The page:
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what is sexuality in health care professional boundaries

Source global Wall Street Journal     time 2022-01-14 21:28:49
Typefacelarge in Small

A very singular kind of charity this,” I observed, to save one man from suffering loss, by inflicting it upon another! But I suppose that, to complete the charity, the charitable adviser would be bound in conscience to restore to the rich man the sum which he had made him lose?”

I apply this to you, father. Suppose you were agreed upon the sense of Jansenius, and your adversaries were ready to admit with you that he held, for example, that grace cannot be resisted, those who refused to condemn him would be heretical. But as your dispute turns upon the meaning of that author, and they believe that, according to this doctrine, grace may be resisted, whatever heresy you may be pleased to attribute to him, you have no ground to brand them as heretics, seeing they condemn the sense which you put on Jansenius, and you dare not condemn the sense which they put on him. If, therefore, you mean to convict them, show that the sense which they ascribe to Jansenius is heretical; for then they will be heretical themselves. But how could you accomplish this, since it is certain, according to your own showing, that the meaning which they give to his language has never been condemned?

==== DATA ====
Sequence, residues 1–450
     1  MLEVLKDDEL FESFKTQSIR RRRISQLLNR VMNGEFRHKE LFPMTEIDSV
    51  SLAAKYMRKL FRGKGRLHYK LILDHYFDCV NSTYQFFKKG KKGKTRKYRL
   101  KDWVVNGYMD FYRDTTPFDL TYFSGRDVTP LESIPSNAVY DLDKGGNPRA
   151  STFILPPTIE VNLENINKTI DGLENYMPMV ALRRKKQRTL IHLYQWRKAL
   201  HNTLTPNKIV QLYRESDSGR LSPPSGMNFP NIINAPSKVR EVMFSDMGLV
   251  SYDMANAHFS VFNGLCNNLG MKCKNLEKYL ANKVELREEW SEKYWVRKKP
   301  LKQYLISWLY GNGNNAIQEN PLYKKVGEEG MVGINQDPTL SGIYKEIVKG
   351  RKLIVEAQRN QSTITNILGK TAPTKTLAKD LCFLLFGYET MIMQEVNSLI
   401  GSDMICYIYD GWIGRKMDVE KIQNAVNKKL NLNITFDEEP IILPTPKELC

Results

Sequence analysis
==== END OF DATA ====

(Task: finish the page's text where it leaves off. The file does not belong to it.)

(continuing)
What say you?” exclaimed the monk. Do you, then, suppose that it would be reasonable that those, who ought of all men to be most respected, should alone be exposed to the insolence of the wicked? Our fathers have provided against that disorder; for Tanner declares that ‘Churchmen, and even monks, are permitted to kill, for the purpose of defending not only their lives, but their property, and that of their community.’ Molina, Escobar, Becan, Reginald, Layman, Lessius, and others, hold the same language. Nay, according to our celebrated Father Lamy, priests and monks may lawfully prevent those who would injure them by calumnies from carrying their ill designs into effect, by putting them to death. Care, however, must always be taken to direct the intention properly. His words are: ‘An ecclesiastic or a monk may warrantably kill a defamer who threatens to publish the scandalous crimes of his community, or his own crimes, when there is no other way of stopping him; if, for instance, he is prepared to circulate his defamations unless promptly despatched. For, in these circumstances, as the monk would be allowed to kill one who threatened to take his life, he is also warranted to kill him who would deprive him of his reputation or his property, in the same way as the men of the world.’”

Fragment of a Nineteenth Provincial Letter,

Father,” said I, I shall defer giving you my opinion of that passage to another opportunity; in the meantime, I shall only say that as your maxims are so useful, and as it is so important to publish them, you ought to continue to give me further instruction in them. For I can assure you that the person to whom I send them shows my letters to a great many people. Not that we intend to avail ourselves of them in our own case; but, indeed, we think it will be useful for the world to be informed about them.”


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